A bill in the California State Legislature would give vets the same protections as doctors who recommend medical marijuana.
A new bill being considered by California lawmakers would allow veterinarians to recommend cannabis to dogs, cats, and other pets for medical issues.
Introduced by Sen. Cathleen Calgiani, a Democrat from Stockton, SB 627 would allow California-licensed veterinarians to discuss cannabis and cannabis products with clients without concern of sanctions.
In 2018, former Gov. Jerry Brown signed into law landmark legislation that permits veterinarians to discuss medical cannabis with pet owners. With its passage, the bill prohibited the California Veterinary Medical Board from disciplining veterinarians for discussing the use of cannabis with pet owners.
Calgiani’s new bill would expand on the current law by allowing vets to actually recommend cannabis. It would also allow an animal’s “primary caregiver” to buy medical marijuana for their pet if they have obtained a valid veterinarian recommendation.
Vets would need to have previously established a relationship with the pet and the owner prior to giving the recommendation.
If passed, the bill would make California the first state to give vets permission to recommend cannabis as medicine for their animal patients. Prescribing medical marijuana, however, would remain illegal under state and federal law.
“What’s happening now is pet owners are either doing research on the internet or hearing from a friend or just taking advice from people at cannabis dispensaries,” said Mike Sharif, legislative director for Galgiani.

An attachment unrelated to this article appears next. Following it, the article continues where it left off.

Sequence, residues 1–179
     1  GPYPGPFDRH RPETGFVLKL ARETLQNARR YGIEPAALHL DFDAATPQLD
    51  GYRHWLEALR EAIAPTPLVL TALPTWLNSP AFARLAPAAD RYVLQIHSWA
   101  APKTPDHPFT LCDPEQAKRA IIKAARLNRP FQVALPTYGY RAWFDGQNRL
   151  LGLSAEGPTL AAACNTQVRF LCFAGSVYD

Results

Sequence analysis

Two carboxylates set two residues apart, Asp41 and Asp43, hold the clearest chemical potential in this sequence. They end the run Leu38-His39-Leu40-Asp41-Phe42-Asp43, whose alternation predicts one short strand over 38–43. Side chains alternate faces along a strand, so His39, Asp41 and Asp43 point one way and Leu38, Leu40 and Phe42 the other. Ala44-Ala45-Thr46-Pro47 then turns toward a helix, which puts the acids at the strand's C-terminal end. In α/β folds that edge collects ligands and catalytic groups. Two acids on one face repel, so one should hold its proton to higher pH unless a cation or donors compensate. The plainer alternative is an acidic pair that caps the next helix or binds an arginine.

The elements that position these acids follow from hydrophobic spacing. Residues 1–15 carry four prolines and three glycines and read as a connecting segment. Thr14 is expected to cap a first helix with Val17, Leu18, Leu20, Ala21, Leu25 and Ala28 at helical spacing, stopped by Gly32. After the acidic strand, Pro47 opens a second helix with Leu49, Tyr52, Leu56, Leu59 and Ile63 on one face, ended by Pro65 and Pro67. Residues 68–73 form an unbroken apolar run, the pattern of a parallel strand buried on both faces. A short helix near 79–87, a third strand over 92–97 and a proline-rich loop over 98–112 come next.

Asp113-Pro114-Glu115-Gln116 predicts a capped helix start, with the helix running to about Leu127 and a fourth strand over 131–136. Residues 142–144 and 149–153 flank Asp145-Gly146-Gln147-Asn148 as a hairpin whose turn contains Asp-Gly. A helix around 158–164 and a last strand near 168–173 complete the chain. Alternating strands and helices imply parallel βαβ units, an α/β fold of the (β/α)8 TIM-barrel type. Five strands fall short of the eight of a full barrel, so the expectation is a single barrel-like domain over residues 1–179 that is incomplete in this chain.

The new bill would also require that the Veterinary Medical Board consult with the Center for Medicinal Cannabis Research at the University of California, San Diego, to draw up guidelines on recommending cannabis for veterinarians.
While SB 627 has a strong chance of being approved, it won’t happen until next year at the earliest. The bill was voted out of committee and passed by the Senate in July, but according to the Veterinary Information Network, it had to pass Appropriations in August in order to reach the Assembly floor for a full vote before lawmakers go on recess.
The bill will likely be debated by the Assembly next year.
Debates Over Research
The California Veterinary Board recently dropped its opposition to the state bill that would allow cannabis to be prescribed to pets for medical issues, providing more funding is dedicated to researching the effects of cannabis on animals.
However, it has not been confirmed whether Galgiani, the bill’s sponsor, would support increased funding for more research.
Little research has been done on the issue so far. With marijuana illegal under federal law, researchers interested in conducting studies on the effects of cannabis face regulatory obstacles.
One of the nation’s leading veterinary organizations, the American Veterinary Medical Association, has come out in support of rescheduling marijuana to facilitate research.
Changes to the law are supported by a coalition of growers, and different veterinary groups who believe that “pet owners deserve the most reliable information possible regarding their pet’s health and well-being. That information and advice is expected to come from trusted veterinarians.”
“Recommendation” Vs “Prescribe”
“Recommendation” versus “prescribe” is a legal technicality established in 2002 by a Supreme Court case. Because marijuana remains a Schedule 1 drug at the federal level, no doctor can officially prescribe it. They merely write recommendations that are treated the same as prescriptions by states that have legalized medical marijuana and dispensaries.
Once a pet owner was to receive such a recommendation, they would be able to purchase medical marijuana for their pet at a dispensary.
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